I’m seated at a media launch at Otto Ristorante, one of Sydney’s more exclusive restaurants. Options on the menu include eye fillet of Angus reserve beef and red wine rigatoni with a pork sausage ragu and buffalo ricotta. It’s all utterly tempting, and that’s before the waiter recites the specials. But I’m not paying attention, because I can’t eat any of it. Those are the rules for Mastercheap Raw.
Breakfast: 1/3 cup of quick oats, cooked with 1/2 cup milk and served with 2 spoonfuls stewed apple
Lunch: Tuna, steamed mixed vegetables
Dinner: Fried eggs, chilli beans, orange for dessert
Snacks: 3 pieces shortbread, 1 carrot chopped into sticks
Hot drinks: 7 cups black tea
As I’ve noted before, “occasional” translates into “frequent” in my life. I got offered food at other launches twice this week already, and a tray of free food showed up in the office on Thursday as well. So I’ve been saying no. I ate my own lunch — tuna and vegetables — before hitting the restaurant, so I wouldn’t be tempted. Everyone else eats; I take notes on my laptop and answer endless questions about what I’m doing.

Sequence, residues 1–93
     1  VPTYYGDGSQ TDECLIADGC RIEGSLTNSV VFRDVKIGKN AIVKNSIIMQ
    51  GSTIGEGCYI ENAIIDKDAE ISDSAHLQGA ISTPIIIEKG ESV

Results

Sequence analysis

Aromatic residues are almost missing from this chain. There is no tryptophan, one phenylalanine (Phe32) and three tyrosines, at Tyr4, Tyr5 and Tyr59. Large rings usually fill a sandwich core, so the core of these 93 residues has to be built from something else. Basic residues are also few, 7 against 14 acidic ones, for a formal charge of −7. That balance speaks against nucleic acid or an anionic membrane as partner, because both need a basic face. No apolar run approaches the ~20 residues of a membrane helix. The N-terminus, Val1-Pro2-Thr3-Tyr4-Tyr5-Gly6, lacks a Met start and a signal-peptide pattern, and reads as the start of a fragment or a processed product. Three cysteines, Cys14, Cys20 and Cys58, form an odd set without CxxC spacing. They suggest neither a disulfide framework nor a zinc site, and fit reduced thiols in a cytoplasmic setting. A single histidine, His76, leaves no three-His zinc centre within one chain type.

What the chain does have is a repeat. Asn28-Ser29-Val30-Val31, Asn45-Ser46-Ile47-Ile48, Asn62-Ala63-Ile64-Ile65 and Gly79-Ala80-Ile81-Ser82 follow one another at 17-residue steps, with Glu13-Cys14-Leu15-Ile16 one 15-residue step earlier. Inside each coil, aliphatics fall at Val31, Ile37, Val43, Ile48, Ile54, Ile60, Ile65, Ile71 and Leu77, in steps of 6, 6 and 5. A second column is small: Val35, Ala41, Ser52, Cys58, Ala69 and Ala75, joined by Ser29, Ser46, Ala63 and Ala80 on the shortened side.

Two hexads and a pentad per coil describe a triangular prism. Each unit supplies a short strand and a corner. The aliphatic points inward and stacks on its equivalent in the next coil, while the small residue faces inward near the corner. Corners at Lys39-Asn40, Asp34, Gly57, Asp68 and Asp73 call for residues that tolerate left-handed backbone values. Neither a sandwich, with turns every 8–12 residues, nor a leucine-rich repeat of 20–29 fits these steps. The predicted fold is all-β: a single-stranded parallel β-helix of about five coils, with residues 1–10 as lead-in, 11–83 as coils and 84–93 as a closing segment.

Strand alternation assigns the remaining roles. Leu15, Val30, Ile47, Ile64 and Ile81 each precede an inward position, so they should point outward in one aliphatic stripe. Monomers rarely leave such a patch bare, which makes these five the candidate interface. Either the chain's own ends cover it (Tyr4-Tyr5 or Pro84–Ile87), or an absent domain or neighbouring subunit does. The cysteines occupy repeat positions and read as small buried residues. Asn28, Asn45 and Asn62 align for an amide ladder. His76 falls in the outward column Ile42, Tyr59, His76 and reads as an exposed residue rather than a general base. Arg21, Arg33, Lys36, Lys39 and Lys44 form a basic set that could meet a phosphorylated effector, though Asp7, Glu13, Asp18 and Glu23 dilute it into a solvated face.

And here’s something to consider: while I like the sound of the red wine rigatoni with a pork sausage ragu and buffalo ricotta, that one dish alone costs $26. For the price of a single dish at a fancy restaurant, I have fed myself for a week. That feels like an achievement, even if it’s an imperfect one. So I don’t waver.
As well, I know the end is in sight. The experiment ends on a quiet Friday night, with fried eggs and beans for dinner, and the orange I’ve been saving all week for dessert. On Monday I’ll sum up the challenge: how it worked financially, nutritionally and psychologically, and the lessons that everyone can learn from it about budget and menu planning.
Lifehacker’s Mastercheap Raw experiment sees editor Angus Kidman living for a week with a food budget of just $25 and only basic ingredients.